Love letters of an Aberystwyth University student and her soldier boyfriend are set to form part of a major study into the impact of The Great War on the people and communities of Aberystwyth.
The privately-owned letters tell of the friendship and growing love of ‘Billy and Dot’, as they share their thoughts on books, art, films and ideas, banter and argue, and describe their wartime experiences to each other.
The letters are set to be dramatised as part of the ‘Aberystwyth at War: Experience, Impact, Legacy, 1914-1919’ project which has secured financial backing from the Heritage Lottery Fund.
Dot, a student at the then University College of Wales, Aberystwyth, abandoned her studies to work as a Voluntary Aid Attachment nurse.
Billy trained in Aberystwyth before being deployed to the Western Front and died in action 1917. Dot remained single for the rest of her life.
The 18 month project is led by Dr Sian Nicholas from the Department of History and Welsh History at Aberystwyth University.
Dr Nicholas has researched extensively on war-time Britain, and particularly on the history of the British media during conflicts.
This study will explore the effects of the conflict through the eyes of student volunteers, local community history societies and performance groups, schools and local residents.
Using wartime records, letters, newspapers, photographs, refugee art and music, war memorials and recorded memories in local archives the project hopes to piece together the stories of those who were affected in the form of an interactive map.
Sources will include the National Library of Wales, Ceredigion Archives, Ceredigion Museum, Aberystwyth University’s own archives, and public places.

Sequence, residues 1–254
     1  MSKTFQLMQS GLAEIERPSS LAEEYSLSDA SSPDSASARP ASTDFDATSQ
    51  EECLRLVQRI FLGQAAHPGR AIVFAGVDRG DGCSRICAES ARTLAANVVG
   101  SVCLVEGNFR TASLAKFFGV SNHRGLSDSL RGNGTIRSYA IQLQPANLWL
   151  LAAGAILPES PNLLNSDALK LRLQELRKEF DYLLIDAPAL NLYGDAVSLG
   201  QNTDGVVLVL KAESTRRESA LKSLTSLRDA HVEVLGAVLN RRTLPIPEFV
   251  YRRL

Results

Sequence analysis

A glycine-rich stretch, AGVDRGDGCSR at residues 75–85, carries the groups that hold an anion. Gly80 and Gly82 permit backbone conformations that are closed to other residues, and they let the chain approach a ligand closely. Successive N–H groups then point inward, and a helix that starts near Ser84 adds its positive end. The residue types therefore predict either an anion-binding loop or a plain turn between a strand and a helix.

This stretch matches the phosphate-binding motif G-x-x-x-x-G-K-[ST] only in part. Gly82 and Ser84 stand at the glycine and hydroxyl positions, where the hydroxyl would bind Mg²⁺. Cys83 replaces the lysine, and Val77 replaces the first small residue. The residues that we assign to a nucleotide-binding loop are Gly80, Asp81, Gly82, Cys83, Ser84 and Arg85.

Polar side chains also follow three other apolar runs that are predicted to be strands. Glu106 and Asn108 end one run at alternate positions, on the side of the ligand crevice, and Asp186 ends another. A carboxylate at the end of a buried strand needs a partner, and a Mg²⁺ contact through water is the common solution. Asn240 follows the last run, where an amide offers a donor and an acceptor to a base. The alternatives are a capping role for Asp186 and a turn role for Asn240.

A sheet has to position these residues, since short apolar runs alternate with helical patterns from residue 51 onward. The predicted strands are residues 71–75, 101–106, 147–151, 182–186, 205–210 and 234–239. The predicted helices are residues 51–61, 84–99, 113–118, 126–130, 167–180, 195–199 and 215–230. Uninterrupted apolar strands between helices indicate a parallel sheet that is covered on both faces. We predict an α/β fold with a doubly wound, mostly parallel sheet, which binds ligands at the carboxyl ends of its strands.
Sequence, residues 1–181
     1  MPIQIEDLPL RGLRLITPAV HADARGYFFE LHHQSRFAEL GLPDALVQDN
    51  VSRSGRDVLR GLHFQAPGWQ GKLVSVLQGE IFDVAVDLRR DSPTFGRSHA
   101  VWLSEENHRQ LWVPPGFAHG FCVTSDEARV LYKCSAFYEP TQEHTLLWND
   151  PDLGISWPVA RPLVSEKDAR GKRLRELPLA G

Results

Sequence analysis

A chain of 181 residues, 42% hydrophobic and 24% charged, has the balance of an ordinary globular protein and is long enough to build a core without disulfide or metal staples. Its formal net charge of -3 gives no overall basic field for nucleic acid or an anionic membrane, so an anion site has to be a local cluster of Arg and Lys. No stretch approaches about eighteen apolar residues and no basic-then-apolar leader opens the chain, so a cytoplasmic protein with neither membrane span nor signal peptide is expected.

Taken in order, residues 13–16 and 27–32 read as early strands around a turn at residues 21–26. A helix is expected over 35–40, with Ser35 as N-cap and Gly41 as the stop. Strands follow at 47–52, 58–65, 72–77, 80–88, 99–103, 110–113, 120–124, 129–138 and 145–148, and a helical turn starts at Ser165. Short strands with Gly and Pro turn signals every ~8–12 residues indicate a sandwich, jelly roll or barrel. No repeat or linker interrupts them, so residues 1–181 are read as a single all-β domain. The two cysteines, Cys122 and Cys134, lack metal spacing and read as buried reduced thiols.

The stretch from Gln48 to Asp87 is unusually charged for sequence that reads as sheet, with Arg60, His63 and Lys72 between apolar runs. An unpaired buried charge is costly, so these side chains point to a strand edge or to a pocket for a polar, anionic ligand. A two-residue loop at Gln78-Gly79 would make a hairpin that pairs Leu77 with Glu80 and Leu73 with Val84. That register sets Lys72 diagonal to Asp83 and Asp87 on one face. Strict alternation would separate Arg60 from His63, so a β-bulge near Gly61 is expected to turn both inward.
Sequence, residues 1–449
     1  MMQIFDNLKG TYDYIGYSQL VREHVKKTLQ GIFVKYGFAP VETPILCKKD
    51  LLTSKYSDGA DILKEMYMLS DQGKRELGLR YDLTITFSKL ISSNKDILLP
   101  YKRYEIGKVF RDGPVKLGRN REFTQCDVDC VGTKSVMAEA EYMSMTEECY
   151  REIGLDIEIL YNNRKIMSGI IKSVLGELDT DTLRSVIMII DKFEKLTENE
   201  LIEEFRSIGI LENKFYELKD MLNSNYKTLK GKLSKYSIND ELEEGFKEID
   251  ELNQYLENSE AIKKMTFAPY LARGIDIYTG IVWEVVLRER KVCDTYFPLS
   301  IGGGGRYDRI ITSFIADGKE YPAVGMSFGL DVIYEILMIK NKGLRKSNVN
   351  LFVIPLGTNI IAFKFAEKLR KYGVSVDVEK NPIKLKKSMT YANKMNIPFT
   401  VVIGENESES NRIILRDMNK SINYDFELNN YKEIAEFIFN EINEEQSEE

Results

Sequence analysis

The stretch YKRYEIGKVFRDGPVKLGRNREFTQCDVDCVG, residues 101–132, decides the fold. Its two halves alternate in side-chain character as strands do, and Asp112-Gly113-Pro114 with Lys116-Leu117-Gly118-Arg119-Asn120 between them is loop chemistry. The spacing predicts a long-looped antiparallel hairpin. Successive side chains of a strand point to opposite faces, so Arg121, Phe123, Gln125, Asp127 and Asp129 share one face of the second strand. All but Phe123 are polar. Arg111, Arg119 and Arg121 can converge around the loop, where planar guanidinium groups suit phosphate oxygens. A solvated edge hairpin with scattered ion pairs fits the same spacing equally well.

Project leader Dr Sian Nicholas said:
“We are delighted to have been awarded funding by the Heritage Lottery Fund for this project. While some stories have been told, many others are incomplete or unexplored. We hope to go some way to addressing this and to introduce a whole new generation of people to the losses and hardship experienced by those who went to war as well as those left behind during WW1.”
The project will also offer opportunities for local groups to interpret the influences of WW1 through art and performance, and develop archival, digital and creative skills as they identify and follow the wartime histories of Aberystwyth.
It will span the stories of the soldiers and their loved ones, refugees, university students and staff, political activists and conscientious objectors.
Plans for the project include staging performances, creating an open access interactive digital map featuring biographies and video material, and the establishment of community legacy for future discovery and interpretation.
Project partners are the Department of History and Welsh History and Aberystwyth Arts Centre, both part of Aberystwyth University, Ceredigion Museum, Ceredigion Archives, People’s Collection Walesbased at the National Library of Wales, community theatre groups and local heritage groups.
Ceredigion Museum will be screening Battle of the Somme (1916) and All Quiet on the Western Front (1930)on 18 May 2018.
Battle of the Somme (1916), doors open 5.15pm PG £6 / £5
All Quiet on the Western Front (1930), doors open 7pm PG £6 / £5
The screenings form part of Ceredigion Museum’s Hope in the Great War exhibition which opens on 5 May 2018.